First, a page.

I’ve always been into making things even as a child and probably inspired by my dad who was a keen model engineer and model boat enthusiast. As part of a fancy dress party for my 40th I was persuaded to buy a decent set of Star Wars Stormtrooper Armour and afterwards join The UKG. The UKG ( UK Garrison ) is the UK arm of global costuming group The 501st. Their sole aim is to raise money for nominated charities and have fun whilst doing it – in 2013 the UKG raised over £66,000. The whole family ended up getting involved, Michaela as Ghost Rider with Nathan as Wicket and Liam also as The Ghost Rider, participating at many events all over the UK in a variety of costumes we had made. From there we made a number of props for friends, and since then we’ve just grown.

JonMichaelaNathancrop

Cogtwo

And did you have experience with laser cutting and etching before this business, or did you learn to make these pieces?

Neither of us had any experience other than my attending FabLab Manchester and using their machines, which was a really good foundation in lasers and 3D printing. FabLab was a wealth of knowledge with their staff and volunteers and a plethora of people that popped in to use the machines. So other than learning the basics at FabLab we’re pretty much self-taught.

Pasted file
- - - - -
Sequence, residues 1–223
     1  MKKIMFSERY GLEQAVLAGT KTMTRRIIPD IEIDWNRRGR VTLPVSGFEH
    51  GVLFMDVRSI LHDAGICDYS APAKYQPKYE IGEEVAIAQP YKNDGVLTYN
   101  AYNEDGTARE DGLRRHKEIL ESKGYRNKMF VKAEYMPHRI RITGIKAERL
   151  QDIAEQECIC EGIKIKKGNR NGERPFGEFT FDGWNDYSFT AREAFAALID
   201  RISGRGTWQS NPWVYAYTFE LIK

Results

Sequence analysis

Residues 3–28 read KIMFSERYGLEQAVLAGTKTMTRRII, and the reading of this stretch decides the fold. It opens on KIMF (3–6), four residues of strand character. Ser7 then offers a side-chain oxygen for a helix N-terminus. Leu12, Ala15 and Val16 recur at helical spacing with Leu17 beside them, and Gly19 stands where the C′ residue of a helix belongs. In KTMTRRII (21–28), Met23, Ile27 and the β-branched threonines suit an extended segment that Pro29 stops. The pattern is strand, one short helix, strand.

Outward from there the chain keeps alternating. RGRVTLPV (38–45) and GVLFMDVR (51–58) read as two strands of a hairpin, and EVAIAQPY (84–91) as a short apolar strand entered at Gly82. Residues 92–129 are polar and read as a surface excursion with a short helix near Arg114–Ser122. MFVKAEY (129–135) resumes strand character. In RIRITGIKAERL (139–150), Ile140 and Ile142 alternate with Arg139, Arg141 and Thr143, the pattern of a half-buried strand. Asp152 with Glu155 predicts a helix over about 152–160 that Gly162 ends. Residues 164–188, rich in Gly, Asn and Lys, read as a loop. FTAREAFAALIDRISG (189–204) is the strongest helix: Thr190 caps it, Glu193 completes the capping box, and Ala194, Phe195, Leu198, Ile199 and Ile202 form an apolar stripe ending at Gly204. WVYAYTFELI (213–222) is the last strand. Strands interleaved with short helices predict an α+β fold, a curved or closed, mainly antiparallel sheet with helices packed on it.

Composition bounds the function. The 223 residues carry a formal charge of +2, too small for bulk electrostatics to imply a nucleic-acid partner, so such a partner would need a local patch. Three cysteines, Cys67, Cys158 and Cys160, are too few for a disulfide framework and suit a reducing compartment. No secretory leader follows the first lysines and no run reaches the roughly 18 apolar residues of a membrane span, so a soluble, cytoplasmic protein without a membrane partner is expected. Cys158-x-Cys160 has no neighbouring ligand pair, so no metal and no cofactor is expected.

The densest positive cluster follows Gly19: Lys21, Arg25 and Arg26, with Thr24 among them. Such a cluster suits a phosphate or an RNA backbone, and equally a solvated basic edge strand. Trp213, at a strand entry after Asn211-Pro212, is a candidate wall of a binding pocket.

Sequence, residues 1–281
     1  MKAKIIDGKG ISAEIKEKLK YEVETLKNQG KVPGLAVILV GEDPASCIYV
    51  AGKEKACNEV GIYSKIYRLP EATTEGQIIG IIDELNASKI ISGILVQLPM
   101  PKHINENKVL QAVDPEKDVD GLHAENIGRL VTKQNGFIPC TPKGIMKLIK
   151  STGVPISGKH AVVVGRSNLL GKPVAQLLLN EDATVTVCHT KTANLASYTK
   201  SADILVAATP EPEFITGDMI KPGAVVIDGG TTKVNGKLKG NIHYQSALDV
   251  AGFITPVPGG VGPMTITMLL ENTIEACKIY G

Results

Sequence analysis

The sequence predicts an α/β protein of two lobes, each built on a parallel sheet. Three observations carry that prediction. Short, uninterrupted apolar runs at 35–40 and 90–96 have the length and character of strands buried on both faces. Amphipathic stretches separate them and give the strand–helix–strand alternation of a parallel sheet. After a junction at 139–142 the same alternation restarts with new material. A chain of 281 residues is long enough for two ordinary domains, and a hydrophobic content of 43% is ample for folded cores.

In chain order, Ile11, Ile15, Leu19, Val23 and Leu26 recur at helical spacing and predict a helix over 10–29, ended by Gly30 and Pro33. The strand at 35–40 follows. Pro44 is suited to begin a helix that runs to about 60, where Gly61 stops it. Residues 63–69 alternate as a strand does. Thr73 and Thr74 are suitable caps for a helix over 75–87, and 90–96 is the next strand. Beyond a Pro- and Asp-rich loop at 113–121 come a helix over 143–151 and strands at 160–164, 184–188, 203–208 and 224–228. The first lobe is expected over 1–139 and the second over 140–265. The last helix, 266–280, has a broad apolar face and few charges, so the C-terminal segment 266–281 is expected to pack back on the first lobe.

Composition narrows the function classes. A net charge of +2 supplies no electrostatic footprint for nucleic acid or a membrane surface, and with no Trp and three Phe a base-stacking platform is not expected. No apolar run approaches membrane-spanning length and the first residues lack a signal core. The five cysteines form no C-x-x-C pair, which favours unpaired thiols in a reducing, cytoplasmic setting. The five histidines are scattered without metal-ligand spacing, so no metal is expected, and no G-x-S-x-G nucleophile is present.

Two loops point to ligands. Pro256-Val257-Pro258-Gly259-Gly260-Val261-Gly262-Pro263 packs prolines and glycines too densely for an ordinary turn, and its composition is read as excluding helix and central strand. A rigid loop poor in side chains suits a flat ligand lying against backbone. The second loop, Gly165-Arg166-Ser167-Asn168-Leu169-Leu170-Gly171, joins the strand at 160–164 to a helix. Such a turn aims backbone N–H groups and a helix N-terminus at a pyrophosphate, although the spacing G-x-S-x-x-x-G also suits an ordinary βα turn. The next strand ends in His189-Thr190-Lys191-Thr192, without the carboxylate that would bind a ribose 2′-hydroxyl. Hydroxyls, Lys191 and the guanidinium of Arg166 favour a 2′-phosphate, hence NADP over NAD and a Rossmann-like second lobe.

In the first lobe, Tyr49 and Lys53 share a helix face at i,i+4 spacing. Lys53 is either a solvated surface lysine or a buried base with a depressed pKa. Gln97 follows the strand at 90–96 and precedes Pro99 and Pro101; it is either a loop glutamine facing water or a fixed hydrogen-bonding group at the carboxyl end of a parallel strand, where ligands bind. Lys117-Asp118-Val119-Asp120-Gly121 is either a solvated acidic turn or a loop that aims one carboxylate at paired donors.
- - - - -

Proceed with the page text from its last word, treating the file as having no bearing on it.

And it is a real family business, isn’t it?

Liam, our eldest, is 19 years old and he actually created the first cogs we made into sets and sold. Since then he’s designed a number of our products and generally looks after all the cutting and maintenance of the machines. Nathan is our youngest son and is 13 years old, and he helps out with some drawing, selling on the stall when we do events and doing odd jobs around the workshop.

Why steampunk? Was this something you were already interested in, or did it develop through the business?

As well as the UKG, some of our friends within that group were also into Steampunk and we were invited up to Whitby Goth weekend in April 2010. This is probably the second biggest event where Steampunks meet, as there are many crossovers with the Goth scene, and our passion for it grew from there. Our business actually grew through our love of Steampunk, as we’d already made bits for friends in the Steampunk community. Michaela saw an opportunity to take that one step further and provide components that weren’t readily available in a material that was light weight and cheap enough that any Steampunk could afford. Already having the laser at this point made quite good business sense and the machine could be put to good use.

British Library Shop

As well as selling to other Steampunks, who else do you work for?

We’ve created props for The National Maritime Museum, The National Space Centre, The Royal Shakespeare Company, Harvey Nichols, Various TV and Theatre companies, and many high street retailers.

And if money and size was not an issue, what would you most love to make?

A full size Nautilus Submarine from 20,00 Leagues Under The Sea!

Thanks to Guy and Jon for answering our questions. Full length versions of these interviews can be seen on the ExhibeoVM website.

You can also see our full range of Gothic products on the British Library Shop website.